“The problems we have now will increase to a high level for another five years, until our next election,” she said. “Our ministers will be chosen by one side and our deputy ministers by another side, which is a big problem. Our security will get worse and we will not be able to walk on the streets as we do now. We will not have the economy we have now and, finally, we will not have a responsible government.”

One of the defining aspects of Mr Ghani’s tenure has been his attempt to improve relations with Pakistan, which is widely thought to harbour the Taliban’s leadership and has long been viewed with suspicion in Afghanistan. While the president appears to regard this as the best way to achieve peace, he has been criticised for cosying up to an untrustworthy neighbour.

His recent decision to give vocal backing to the military campaign of the Saudi-led coalition in Yemen has also caused some controversy. Ms Ershad, however, said it should be seen in a similar vein as the rapprochement with Pakistan and supports both decisions.

But not everyone in parliament agrees. Ghulam Hussein Naseri, who represents Maidan Wardak province and is a supporter of Mr Abdullah, said the government ignored the constitution by failing to consult MPs on the Yemen issue. He added that Pakistan had not shown it is sincere about helping Afghanistan.

According to Mr Naseri, divisions over these issues are symptomatic of bigger problems within the administration. He told The National there are "very serious" differences between the two camps, including over ministerial appointments, that have left the government "not too far from collapse".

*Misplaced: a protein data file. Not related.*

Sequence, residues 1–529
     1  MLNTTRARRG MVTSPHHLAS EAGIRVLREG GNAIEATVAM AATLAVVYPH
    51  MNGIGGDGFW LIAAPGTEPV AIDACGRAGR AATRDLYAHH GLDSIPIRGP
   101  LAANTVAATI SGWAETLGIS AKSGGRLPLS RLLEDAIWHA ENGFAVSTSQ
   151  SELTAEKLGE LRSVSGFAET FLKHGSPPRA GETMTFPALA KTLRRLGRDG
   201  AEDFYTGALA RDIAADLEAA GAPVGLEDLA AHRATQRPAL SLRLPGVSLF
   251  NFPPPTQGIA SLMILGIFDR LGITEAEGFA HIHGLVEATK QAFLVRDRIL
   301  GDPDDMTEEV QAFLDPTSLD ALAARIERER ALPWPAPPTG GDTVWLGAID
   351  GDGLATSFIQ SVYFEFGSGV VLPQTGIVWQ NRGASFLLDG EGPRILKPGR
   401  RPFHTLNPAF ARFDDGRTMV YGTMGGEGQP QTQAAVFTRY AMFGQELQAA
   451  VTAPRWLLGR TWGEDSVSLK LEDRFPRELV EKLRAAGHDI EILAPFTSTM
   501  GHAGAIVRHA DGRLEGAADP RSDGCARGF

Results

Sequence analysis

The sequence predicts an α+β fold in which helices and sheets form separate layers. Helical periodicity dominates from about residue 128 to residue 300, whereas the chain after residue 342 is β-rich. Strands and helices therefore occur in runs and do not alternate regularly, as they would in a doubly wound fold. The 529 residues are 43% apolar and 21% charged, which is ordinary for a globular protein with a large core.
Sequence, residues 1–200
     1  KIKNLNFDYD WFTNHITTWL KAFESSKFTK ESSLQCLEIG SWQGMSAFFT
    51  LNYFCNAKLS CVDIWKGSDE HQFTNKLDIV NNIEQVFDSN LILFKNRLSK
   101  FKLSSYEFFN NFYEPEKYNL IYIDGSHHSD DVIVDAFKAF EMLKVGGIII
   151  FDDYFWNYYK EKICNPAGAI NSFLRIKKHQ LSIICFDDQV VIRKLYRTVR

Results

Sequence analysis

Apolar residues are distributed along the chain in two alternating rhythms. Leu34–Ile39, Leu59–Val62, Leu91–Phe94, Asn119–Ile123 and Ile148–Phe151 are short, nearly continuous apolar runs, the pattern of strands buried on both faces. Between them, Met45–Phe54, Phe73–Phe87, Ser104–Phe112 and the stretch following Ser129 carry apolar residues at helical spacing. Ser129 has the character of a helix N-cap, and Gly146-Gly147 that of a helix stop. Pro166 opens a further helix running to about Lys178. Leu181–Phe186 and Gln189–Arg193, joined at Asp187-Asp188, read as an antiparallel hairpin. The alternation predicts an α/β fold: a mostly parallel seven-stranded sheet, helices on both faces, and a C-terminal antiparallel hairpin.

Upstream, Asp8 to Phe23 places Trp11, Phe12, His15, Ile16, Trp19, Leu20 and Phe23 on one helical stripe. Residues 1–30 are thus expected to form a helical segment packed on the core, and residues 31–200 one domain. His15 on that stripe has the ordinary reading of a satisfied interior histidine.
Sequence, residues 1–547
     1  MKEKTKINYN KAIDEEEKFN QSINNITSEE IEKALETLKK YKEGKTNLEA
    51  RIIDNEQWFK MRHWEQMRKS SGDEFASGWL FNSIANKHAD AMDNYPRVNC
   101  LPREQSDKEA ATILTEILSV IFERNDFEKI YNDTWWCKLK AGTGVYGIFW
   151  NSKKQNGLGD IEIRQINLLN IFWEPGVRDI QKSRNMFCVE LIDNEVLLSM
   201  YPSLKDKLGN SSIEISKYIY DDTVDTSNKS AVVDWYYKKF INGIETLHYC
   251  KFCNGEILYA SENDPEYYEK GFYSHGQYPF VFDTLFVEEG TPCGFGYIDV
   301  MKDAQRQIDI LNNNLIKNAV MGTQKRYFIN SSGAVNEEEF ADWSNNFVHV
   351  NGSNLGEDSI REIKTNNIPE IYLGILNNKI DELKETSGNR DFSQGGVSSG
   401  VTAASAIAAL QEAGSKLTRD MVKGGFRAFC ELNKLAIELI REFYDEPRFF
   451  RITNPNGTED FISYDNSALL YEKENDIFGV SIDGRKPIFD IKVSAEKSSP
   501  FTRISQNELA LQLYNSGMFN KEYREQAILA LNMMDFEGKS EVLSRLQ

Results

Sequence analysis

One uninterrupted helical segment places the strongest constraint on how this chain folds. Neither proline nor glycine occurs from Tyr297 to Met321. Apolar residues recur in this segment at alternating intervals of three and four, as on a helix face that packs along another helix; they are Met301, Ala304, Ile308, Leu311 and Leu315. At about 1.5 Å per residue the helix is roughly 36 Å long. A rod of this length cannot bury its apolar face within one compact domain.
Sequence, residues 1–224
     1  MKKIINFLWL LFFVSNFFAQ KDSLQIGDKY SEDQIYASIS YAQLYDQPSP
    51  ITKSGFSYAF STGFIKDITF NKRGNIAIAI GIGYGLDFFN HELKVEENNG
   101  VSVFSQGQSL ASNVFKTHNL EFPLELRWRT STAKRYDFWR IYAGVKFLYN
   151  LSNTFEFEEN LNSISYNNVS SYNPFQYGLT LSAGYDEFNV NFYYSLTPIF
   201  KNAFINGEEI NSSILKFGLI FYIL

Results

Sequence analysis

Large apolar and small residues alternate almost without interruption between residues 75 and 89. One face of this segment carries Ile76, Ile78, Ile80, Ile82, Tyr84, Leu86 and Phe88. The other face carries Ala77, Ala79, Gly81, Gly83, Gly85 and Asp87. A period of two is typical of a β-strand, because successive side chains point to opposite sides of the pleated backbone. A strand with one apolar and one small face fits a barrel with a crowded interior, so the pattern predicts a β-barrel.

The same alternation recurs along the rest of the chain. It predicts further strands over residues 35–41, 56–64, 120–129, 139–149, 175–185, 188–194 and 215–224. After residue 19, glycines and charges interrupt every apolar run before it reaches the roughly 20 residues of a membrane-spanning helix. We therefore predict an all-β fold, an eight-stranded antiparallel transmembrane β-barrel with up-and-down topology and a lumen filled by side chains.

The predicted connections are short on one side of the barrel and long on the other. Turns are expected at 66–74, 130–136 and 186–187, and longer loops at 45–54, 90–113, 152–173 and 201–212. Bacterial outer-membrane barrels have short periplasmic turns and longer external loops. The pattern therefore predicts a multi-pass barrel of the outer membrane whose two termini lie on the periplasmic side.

These differences came to light earlier this month when the nominee for minister of defence, General Afzal Ludin, withdrew his candidacy, citing “disunity between my countrymen”. His background as a senior official during the communist era is known to have angered former mujaheddin supporters of Mr Abdullah.

Shukria Barakzai, who was appointed by Mr Ghani to be the chair of a commission responsible for overseeing electoral reform, is also reported by Afghan media to have been removed from her role due to internal discord. High-level positions in the police and local government remain vacant across the country. The parliament approved 16 cabinet nominees on Saturday after months of delays, but the defence minister post remains vacant.

These vacancies have weakened the government further and left security forces struggling in the run up to the Taliban’s annual spring offensive – expected to be announced soon – and amid signs that ISIL is trying to gain a foothold in the country.

Adding to the insecurity, residents of Kabul have told The National that warlords and militiamen have grown in confidence under the new administration, acting with impunity under a government unwilling or unable to stop them.

In February a pharmacy store owner, Sayed Mohammed, was shot dead in a suburb of Kabul after he attempted to intervene on behalf of an elderly man involved in a land dispute. His brother, Haji Jan Mohammed Ahmadi, named the gunmen as Commander Qand and Commander Tela and said they were notorious locally for having links with powerful political figures associated with a former mujaheddin leader.

“The government hasn’t done anything for us yet but we hope it will give all sides their rights,” he said. “We have nothing in our hands – no power and no money. The only thing we have is a government and a system and we hope it will give us justice.”